The Business Expansion Scheme has only partially lived up to the hopes of the government when it introduced it, and every year, the Chancellor has to tinker a little more with the rules in order to curb the more flagrant excesses – first it was farm land, then cellarsful of fine wine quietly appreciating, then […]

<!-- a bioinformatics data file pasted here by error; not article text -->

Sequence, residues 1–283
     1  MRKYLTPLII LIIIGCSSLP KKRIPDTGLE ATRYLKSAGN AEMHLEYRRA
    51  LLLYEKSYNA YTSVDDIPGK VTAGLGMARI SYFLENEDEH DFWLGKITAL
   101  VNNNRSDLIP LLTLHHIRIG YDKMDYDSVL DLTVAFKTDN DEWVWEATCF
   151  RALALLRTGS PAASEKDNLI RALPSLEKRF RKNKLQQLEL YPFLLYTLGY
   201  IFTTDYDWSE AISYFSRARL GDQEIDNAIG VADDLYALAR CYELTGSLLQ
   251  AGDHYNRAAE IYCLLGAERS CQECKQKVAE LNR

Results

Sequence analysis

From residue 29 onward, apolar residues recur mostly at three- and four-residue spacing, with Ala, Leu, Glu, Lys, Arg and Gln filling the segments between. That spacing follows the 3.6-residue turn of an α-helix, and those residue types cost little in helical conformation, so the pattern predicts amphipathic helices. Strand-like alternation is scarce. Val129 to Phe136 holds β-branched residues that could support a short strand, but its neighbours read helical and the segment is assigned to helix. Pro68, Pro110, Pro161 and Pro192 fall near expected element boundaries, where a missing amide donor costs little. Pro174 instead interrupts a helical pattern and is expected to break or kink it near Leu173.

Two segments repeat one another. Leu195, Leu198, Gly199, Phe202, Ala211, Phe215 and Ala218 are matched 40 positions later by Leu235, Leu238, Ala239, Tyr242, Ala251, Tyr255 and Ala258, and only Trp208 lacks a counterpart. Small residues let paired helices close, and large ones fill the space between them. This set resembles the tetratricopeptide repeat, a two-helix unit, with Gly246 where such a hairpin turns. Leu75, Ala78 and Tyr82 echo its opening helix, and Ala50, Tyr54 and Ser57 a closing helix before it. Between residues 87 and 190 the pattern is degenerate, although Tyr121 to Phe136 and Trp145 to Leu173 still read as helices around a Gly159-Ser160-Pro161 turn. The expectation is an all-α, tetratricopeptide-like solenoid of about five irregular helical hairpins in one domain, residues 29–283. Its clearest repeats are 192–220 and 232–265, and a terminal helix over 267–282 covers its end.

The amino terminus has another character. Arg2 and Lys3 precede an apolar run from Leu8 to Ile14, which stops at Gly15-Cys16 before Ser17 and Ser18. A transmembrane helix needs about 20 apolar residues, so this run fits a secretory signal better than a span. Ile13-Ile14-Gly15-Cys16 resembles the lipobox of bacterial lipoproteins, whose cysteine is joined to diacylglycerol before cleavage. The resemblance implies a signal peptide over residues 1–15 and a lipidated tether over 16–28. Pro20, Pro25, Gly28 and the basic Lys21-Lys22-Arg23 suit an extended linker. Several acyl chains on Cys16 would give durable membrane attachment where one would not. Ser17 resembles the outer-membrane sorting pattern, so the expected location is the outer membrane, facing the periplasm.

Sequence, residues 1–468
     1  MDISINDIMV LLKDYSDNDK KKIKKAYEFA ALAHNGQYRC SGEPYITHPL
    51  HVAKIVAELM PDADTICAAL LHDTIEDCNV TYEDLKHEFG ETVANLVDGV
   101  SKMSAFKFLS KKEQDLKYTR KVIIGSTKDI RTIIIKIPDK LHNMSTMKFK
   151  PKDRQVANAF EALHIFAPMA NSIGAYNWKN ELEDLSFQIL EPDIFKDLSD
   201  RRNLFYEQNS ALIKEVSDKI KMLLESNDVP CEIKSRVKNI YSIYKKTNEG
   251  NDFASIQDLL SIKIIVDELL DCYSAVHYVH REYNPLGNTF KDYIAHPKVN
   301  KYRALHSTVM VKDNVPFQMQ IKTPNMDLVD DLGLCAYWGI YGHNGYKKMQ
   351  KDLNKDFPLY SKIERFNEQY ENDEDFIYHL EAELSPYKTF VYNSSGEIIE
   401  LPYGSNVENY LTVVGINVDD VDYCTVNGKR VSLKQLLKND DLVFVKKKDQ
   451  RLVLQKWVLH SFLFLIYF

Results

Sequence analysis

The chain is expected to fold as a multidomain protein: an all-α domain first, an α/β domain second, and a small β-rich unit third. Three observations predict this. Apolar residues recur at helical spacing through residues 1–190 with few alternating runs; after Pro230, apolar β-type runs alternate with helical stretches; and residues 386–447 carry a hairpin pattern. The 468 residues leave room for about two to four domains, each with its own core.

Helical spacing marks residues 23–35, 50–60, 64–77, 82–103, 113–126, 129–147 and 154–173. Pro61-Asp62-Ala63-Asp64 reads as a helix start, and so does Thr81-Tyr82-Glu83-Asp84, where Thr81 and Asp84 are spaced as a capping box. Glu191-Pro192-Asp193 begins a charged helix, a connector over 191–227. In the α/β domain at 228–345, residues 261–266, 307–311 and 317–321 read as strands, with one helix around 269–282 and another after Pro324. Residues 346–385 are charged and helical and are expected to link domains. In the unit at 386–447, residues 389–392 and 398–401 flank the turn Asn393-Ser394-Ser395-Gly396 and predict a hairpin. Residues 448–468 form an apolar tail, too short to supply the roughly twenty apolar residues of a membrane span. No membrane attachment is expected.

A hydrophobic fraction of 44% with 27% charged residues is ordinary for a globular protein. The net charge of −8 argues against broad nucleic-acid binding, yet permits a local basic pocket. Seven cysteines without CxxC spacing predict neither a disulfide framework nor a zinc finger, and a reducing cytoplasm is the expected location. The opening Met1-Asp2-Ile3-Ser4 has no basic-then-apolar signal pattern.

The Business Expansion Scheme has only partially lived up to the hopes of the government when it introduced it, and every year, the Chancellor has to tinker a little more with the rules in order to curb the more flagrant excesses – first it was farm land, then cellarsful of fine wine quietly appreciating, then companies where the risk was reduced to no higher than any company on the full list of the Stock Exchange because the money being raised was fully backed by assets, usually property. But even nursing homes, fashionable a couple of years ago, have shown that they are quite capable of running into financial difficulties, and the range of businesses that have raised, or are currently seeking to raise, money under the scheme are wondrous in their diversity – one to resurrect the derelict Playhouse Theatre just off London’s Embankment, another operating a chain of garden centres and coming back for more; there is the estimable Thames Line, currently in the hunt for money to eanble it to operate a fleet of river buses between Chelsea and Greenwich, and there’s Edinburgh Tankers, formed to take advantage of the fact that support for the moribund shipping sector was added to the list of qualifying trades last time around. But the primary aim of the scheme is still to foster innovative high-tech start-ups that could be the Oxford Instruments and Quantels of tomorrow if only they could find a ready source of cash to get them started. And one sponsor that is entirely true to the spirit of the Business Expansion Scheme is Octagon Investment Management Ltd of London SW. Octagon next week opens for subscription The Octagon Spring 1987 BES Fund, and subscriptions must be in by March 20, by which time Octagon hopes to have raised UKP1m, all fully tax-deductible at investors’ marginal rate of tax. The advantage of a fund is of course that the investor’s risk is spread across several prospects, and Octagon is currently nuturing 26 such companies; one or two of the existing ones may well receive additional investment from the new fund, and the rest will be newcomers. The minimum subscription is UKP3,000, which with a maximum of only UKP1m is likely to mean that investors will effectively be putting UKP300 to UKP500 in each of the constituent companies of the fund. Some Business Expansion Scheme offers have been little more than ramps because the built-in incentives for the managers and investment advisors are structured so as to garner the lion’s share of any capital appreciation, but Octagon sets a strict limit of no more than 15% of the amount invested on behalf of investors for such incentives. Shares must be retained for five years in order to fulfil the qualification for full tax relief, and Octagon will be ensuring the usual exit routes for holders after five years – a flotation on the Third or Unlisted Securities Market, acquisition, sale to a group of institutions, or, less likely, a buy-in of its own shares.